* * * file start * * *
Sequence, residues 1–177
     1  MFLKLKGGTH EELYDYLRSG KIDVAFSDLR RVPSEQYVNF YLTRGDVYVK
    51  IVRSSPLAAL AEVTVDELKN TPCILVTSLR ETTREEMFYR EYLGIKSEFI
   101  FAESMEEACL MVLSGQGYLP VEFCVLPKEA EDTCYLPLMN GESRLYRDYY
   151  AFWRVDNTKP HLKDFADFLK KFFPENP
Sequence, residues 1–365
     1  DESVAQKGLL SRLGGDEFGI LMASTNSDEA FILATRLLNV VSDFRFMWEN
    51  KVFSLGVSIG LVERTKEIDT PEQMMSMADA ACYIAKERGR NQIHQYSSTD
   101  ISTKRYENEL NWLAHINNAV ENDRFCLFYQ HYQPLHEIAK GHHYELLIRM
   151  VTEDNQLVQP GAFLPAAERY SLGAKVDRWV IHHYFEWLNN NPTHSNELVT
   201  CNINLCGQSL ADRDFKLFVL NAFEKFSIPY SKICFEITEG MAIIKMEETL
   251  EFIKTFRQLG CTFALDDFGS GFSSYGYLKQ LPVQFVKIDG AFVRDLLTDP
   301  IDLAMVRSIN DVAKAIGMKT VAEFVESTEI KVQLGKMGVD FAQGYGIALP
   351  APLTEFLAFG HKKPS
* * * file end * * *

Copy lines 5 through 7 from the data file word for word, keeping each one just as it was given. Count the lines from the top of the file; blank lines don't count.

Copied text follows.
   151  AFWRVDNTKP HLKDFADFLK KFFPENP
Sequence, residues 1–365
     1  DESVAQKGLL SRLGGDEFGI LMASTNSDEA FILATRLLNV VSDFRFMWEN